In the featured battle between Arena Football's big names, the Detroit Drive's Art Schlichter was brilliant while the Washington Commados' Charlie Brown was all but invisible.

Brown, the ex-Washington Redskins all-pro pass receiver, was held catchless and didn't play at all in the second half as quarterback Schlichter and the Drive pounded the overmatched Commandos, 52-28, before 3,492 quiet fans at George Mason University's Patriot Center last night.

Schlichter, the former Ohio State all-American eventually suspended from the NFL, tossed five touchdown passes, two to James Flowers, in guiding the Drive to its second win in as many games this season.

Two of those five touchdown passes, one to Steve Griffin and one to William McClay, came in the second half, in which Detroit outscored the Commandos, 30-14. Schlichter, scrambling all over the field, punished the Commandos repeatedly with big play after big play.

"If you can scramble, you can play in any league," said Schlichter, who totaled 278 yards on 13-of-25 passing. "NFL, CFL, Arenaball, you name it. We've got some really good receivers on this team. They don't drop many. And those big plays are the key to winning in this league."

The Commandos' offensive woes continued. Washington (0-2) has scored only 48 points in its two losses in a league where combined scores regularly run in the 90s. Detroit outgained the Commandos, 309 yards to 169.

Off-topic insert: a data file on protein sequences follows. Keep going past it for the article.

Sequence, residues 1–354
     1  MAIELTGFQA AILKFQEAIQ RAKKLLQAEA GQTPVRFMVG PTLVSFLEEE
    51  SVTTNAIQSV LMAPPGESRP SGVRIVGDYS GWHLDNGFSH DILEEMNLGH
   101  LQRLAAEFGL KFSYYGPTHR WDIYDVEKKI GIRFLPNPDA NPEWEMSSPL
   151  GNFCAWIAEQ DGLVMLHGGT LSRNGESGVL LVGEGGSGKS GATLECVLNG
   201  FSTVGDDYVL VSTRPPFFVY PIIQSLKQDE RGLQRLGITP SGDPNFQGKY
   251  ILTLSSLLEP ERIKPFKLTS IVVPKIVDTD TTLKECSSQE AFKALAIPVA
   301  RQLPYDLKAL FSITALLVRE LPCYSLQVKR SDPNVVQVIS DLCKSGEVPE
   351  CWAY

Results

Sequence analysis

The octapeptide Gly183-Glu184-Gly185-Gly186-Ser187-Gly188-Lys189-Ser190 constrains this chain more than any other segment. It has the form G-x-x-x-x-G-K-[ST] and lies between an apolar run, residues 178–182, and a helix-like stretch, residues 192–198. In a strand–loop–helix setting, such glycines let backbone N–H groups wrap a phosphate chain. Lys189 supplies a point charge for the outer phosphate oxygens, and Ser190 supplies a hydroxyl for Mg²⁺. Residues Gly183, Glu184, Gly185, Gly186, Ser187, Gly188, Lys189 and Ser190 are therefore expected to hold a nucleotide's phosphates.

"We didn't do the things we wanted to," said Washington's starting quarterback Tony Burris, who was pulled in favor of Mike Rhodes in the second half. "Too many missed opportunities. I thought we had turned the corner in the first quarter. We had them on the ropes. I could tell they were worried."

But it wasn't long before the Commandos were the worried ones. And it was the Drive's big plays that did it.

"I don't feel like they outplayed us," said Commandos Coach Mike Hohensee. "They just big-played us to death. But we can't be giving those plays up. Right now we have nowhere to go but up."

Brown, who was playing with a deep thigh bruise suffered in last week's loss at Albany, didn't play in the second half and was thrown to only twice in the first half.

"I have to respect Mike's calls. He's the coach," said Brown, whose six-year NFL career ended in 1987. "I didn't get loose before the game. And then my thigh tightened up. You could say that things didn't go too well for me."

Rhodes entered the game in the third quarter, and after only two snaps -- his first of the season -- had put the faltering Commandos back in contention. But it was only temporary, as Schlichter soon put the game out of reach.

Hohensee was impressed with Rhodes, a towering (6-foot-7) Georgia Tech product.

"We had this long lull in our offense," the coach said, "and I decided that was the time to get Rhodes in there. I don't think Tony {Burris} did a bad job, though. We just needed some fresh blood in there.

"We don't have great receivers at this point. Charlie Brown is hurt, and I think that affected him tonight. Russell Hairston {a former Theodore Roosevelt High star and the 1987 Arena league MVP} has been hurt also, and he wasn't at full speed."

Burris gained 102 yards on nine-for-19 passing, but threw two interceptions. Rhodes was six of 12 for 76 yards and no interceptions. Both quarterbacks were plagued by Detroit's pass rush, which registered six sacks for 22 yards in losses.